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Perhaps @bsms means polyester dri fit clothing that Nike, Under Armor and other sports brands make. This fabric is an invention that has changed my athletic life, seriously. I run in dri fit pants in the winter, and long sleeve shirts. When I began running, it was in the days of cotton sweat pants and sweat shirts. Summer shorts were nylon or cotton. Everything made you sweat, and got wet and rubbed your skin off. For waterproofing we wore plastic coats that made you as wet from sweat inside as the rain got you outside. Nowadays we have gore tex breathable, light coats with ventilation and dri fit clothing, and you dry as fast as you sweat and stay cool. They also don't get heavy if you get rained on, so you can still move freely.
 

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Thank you, @gottatrot, that's really good information to have, I shall look out for these things! 😎

@bsms, fires can be spooky. When we burnt our SW boundary three years ago, the fire itself was out after a day and stayed out for another two days, while we patrolled the fireground on a regular basis to see if it had flared up again anywhere. It didn't. The third morning Brett looked out of the window and said, "I think that's smoke, I'm going to have a look." The fire had re-flared from embers and burnt its way up a tree - that's despite the area all around being burnt. The canopy of the tree had caught fire and a branch from it had dropped across the firebreak into our unburnt swampland on the other side, which had not been burnt in 20 years (because regulations prevented the prior owner and us from burning it, by making it illegal to burn before Easter - by which time the swampland was always too wet already to burn).

This was a dry year, and most of the valley floor went up in a hot fire - 10 hectares of it. We called in the local volunteer brigade (of which we're members) with large fire trucks so it wouldn't leap the fence, and though the fire flared higher than the canopy, a good 30m into the air - on a cool, still day - we can only imagine what would have happened on a windy day in summer. There's no question that our place is so much safer now, and the valley floor has regenerated beautifully, no longer choked by half-dead, highly flammable tea-tree. In another three years we'll have to look at burning the dry patches in this valley floor, in the indigenous small-mosaic style, so that it never gets so dangerous across the board again.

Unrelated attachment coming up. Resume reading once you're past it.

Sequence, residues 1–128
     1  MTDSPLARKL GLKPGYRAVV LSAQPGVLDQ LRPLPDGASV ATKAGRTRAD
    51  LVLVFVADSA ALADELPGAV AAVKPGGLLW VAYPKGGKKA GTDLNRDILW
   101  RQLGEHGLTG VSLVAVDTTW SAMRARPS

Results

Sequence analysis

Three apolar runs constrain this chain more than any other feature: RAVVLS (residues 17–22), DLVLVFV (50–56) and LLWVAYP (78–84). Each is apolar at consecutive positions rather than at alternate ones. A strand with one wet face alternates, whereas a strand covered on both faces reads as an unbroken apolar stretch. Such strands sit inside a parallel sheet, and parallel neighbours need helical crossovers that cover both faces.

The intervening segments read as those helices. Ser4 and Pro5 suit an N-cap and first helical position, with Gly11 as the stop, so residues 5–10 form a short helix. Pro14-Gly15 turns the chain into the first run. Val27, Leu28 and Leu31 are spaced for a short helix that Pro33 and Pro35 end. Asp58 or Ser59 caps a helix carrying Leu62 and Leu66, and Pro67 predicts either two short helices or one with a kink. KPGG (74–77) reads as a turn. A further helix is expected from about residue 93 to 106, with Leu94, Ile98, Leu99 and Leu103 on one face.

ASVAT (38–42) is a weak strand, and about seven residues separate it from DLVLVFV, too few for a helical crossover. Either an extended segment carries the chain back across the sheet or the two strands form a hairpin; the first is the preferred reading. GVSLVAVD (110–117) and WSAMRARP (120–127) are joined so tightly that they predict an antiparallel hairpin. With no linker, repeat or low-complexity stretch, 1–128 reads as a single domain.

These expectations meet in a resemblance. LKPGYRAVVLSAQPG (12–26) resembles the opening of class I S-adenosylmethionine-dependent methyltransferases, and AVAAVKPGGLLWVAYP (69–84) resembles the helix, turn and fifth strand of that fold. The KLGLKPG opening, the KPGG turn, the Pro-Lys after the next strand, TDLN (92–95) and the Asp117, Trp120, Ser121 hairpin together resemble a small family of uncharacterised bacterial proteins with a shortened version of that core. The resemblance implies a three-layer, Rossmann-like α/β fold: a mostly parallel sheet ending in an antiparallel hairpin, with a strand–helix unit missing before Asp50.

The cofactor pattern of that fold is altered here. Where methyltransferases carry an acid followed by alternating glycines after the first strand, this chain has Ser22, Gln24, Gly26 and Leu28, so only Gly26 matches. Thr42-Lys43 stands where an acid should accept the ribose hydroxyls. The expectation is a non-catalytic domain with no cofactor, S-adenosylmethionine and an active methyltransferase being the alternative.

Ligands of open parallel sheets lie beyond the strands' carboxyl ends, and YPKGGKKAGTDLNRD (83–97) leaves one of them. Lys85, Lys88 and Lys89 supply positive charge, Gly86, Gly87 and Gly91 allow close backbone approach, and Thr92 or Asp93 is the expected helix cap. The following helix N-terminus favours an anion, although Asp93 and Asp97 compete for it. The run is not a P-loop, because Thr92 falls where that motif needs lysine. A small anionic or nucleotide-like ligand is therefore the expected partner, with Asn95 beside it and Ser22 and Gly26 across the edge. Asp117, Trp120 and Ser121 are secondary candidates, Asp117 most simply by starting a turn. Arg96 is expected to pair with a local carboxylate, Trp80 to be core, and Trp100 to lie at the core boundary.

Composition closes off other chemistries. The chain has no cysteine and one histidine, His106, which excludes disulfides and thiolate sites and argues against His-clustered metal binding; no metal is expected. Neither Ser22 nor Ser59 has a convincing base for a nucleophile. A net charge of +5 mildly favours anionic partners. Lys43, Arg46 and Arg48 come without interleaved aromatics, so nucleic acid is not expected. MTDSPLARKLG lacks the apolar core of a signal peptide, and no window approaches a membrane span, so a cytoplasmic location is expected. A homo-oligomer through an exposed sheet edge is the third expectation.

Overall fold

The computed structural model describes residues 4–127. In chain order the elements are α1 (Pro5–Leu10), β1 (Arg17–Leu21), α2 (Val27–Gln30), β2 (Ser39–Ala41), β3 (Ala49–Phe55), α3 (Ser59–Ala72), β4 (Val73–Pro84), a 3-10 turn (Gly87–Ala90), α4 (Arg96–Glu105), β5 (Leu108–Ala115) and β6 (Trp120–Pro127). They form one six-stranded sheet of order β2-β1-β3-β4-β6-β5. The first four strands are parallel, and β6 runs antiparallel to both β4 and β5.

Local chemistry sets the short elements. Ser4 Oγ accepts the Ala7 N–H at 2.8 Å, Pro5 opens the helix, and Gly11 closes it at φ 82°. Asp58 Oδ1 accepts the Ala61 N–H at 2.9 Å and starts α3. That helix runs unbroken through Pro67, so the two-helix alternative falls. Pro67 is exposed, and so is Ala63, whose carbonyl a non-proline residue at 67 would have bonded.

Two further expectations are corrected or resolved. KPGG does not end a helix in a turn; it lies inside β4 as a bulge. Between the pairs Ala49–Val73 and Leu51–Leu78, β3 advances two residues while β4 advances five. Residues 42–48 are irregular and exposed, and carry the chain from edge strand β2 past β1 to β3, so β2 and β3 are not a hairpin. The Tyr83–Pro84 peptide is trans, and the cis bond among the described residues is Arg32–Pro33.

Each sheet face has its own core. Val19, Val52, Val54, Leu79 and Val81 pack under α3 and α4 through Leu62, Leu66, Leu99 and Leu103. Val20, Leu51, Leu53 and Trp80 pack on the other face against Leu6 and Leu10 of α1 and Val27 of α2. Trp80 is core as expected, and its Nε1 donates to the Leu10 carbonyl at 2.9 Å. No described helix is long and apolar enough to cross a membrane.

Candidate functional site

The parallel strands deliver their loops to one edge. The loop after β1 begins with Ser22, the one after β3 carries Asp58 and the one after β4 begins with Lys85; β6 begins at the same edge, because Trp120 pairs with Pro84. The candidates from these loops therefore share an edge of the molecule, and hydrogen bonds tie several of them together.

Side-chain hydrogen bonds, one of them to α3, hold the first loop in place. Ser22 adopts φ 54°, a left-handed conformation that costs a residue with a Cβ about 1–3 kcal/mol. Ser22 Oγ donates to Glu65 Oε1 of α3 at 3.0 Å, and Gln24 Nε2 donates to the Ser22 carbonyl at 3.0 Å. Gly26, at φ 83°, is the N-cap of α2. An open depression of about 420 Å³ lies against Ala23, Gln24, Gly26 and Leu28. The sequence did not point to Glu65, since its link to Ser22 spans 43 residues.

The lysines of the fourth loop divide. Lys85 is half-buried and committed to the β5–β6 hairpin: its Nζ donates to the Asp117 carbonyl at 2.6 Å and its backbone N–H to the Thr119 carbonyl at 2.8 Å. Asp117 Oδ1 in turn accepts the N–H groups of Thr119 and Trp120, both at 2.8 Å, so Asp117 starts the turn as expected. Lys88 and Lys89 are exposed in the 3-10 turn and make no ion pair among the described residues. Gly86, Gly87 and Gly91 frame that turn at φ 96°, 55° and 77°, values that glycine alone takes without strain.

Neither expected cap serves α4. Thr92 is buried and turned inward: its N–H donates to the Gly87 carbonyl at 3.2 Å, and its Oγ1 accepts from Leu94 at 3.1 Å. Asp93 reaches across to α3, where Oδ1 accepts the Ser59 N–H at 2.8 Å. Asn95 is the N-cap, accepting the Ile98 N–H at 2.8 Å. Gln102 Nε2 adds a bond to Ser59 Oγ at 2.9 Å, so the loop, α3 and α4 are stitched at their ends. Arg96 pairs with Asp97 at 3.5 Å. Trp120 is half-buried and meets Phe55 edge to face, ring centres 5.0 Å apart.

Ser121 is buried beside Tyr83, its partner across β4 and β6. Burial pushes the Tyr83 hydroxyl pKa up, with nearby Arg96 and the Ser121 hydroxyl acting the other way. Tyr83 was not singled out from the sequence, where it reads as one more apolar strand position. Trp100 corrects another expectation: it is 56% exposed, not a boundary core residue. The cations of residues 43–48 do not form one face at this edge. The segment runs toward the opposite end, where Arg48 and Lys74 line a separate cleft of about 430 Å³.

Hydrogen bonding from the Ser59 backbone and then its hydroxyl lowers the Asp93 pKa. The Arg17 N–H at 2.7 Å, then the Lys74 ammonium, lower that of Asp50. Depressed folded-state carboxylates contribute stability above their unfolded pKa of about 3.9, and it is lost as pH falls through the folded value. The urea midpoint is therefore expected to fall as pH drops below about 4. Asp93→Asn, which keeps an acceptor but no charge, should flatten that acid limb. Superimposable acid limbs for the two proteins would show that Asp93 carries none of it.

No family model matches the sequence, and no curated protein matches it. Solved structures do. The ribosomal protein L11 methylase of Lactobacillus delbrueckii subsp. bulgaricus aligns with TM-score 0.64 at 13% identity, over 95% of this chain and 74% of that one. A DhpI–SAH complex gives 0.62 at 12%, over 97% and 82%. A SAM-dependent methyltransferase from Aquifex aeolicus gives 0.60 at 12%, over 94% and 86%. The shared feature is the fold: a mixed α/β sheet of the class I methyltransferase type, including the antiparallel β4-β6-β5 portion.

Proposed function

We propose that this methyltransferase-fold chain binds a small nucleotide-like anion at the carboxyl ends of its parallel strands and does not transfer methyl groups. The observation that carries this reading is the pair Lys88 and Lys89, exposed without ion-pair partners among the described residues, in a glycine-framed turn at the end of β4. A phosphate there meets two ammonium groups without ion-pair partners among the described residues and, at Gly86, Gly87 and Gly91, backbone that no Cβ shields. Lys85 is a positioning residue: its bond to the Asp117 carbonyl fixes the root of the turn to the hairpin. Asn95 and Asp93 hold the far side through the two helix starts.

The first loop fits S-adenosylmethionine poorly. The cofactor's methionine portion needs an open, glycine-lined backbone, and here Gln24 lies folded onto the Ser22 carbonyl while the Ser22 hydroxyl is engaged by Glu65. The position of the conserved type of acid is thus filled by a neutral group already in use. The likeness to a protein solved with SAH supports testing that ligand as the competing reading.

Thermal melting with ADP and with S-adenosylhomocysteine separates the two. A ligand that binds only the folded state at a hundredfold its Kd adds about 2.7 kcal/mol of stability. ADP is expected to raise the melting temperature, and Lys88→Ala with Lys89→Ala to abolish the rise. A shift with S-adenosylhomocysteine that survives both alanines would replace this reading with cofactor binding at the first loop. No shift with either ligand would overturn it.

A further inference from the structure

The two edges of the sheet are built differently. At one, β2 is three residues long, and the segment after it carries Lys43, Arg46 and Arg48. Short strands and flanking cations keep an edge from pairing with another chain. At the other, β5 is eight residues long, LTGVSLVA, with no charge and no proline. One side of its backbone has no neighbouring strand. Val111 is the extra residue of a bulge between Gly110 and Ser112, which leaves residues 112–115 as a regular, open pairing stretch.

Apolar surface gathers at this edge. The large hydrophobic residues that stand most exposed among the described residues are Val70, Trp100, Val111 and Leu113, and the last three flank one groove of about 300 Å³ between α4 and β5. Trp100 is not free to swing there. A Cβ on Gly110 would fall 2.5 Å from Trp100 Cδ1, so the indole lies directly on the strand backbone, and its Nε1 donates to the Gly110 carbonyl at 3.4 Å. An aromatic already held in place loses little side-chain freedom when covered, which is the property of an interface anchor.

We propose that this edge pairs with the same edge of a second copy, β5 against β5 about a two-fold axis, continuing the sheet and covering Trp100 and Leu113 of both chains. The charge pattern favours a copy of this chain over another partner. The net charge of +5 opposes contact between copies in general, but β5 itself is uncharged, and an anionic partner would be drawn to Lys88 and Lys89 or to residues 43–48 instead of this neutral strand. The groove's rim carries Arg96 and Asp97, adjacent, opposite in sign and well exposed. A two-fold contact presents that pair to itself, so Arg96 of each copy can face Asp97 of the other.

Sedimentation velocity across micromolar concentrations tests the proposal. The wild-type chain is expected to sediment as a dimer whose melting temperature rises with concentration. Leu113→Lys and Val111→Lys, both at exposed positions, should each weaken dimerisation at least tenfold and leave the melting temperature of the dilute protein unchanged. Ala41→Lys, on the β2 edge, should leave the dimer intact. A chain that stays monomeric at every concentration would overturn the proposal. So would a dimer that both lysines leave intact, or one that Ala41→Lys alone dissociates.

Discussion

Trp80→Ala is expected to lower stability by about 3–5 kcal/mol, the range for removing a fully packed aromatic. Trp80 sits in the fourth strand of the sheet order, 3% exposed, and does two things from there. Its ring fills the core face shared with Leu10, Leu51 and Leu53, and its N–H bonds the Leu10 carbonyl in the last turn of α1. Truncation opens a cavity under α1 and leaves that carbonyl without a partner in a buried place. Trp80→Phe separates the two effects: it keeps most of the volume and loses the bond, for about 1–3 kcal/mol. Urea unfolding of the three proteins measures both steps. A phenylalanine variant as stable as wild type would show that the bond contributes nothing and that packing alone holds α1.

By the way, the brigade extinguished that fire, when it was burnt out, with water at the edges etc. We patrolled regularly for three days to make sure there were no further flare-ups, and could never see any. Some logs were still smouldering, these can take weeks to go out. But all looked fine.

...and on the fourth morning I was patrolling. No flare-ups on our side. Everything quiet. Across 8 metres of double firebreak to the south neighbour, I could see that the bush around his farm dam was alight. I rang him in confusion: Was he doing a controlled burn? (Fires are usually not left unattended.) He said no, and we called in the fire truck again. We spent the rest of the morning putting this particular fire out as a brigade. It must have come somehow from our side but I was scratching my head and it gave me the willies. Brett and Noel said to me, "All it takes is a couple of embers in the wrong spot. It can happen long after the flames are out."

I tell you what worries me even more than these "ghostly" fires: When nobody bothers to do (smaller-scale, indigenous-style) fuel reduction burns and large areas (not just our 10 hectares, that's peanuts - thousands of hectares) end up long unburnt like that valley floor of ours. Then something terrible happens on a summer's day and it's an inferno that burns wildlife, houses and people in monster flames. Tim Flannery, an eminent Australian ecologist, thinks one of the main reasons for Australia's current species extinctions is that indigenous people were taken off the land and their fire management practices with them, which had prevented most large-scale bushfires, and helped create fresh food and a healthy ecosystem for many of the native animals the Aboriginal Australians hunted to survive.

It just so happens that here's an article I saw today about a family who had to completely rebuild after the 2013 Dunalley fires in Tasmania. This picture of the grandmother sheltering from the fire with her grandchildren made headlines around the world back then:



The rest of the article is here and well worth reading, it's informative and also a great story of resilience:



ETA: @egrogan, that donkey nanny story made our day! :love:
 

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Discussion Starter · #2,520 ·
I've used a couple of brands but Hanes Men's Long Sleeve Cool Dri T-Shirt UPF 50+ are a good match, performance and cost wise, for me. Of course, we often have humidity below 15%!

I agree about controlled burns. We were taught to do them when I took classes in Natural Resource Management in the late 70s but too many places have stopped because of legal concerns. We made a small fire a week ago to burn up some prickly pear we had cut down much earlier. That evening, I went to the "out" fire and started pouring water on it...and steam! LOTS OF STEAM! It was a 3 foot diameter burn spot but it took me 30 minutes of running water and shovel work to get it all out. Makes me worry about underground fires, but happily no coal around here to fuel them:

"Mount Wingen in New South Wales, Australia is commonly known as Burning Mountain, partly for the red regolith that colors its summit, but primarily because an actual fire smolders one hundred feet below its surface, and has done so for at least 6,000 years! This is the oldest-known natural coal fire."

Fire burning underground in Utah can’t be extinguished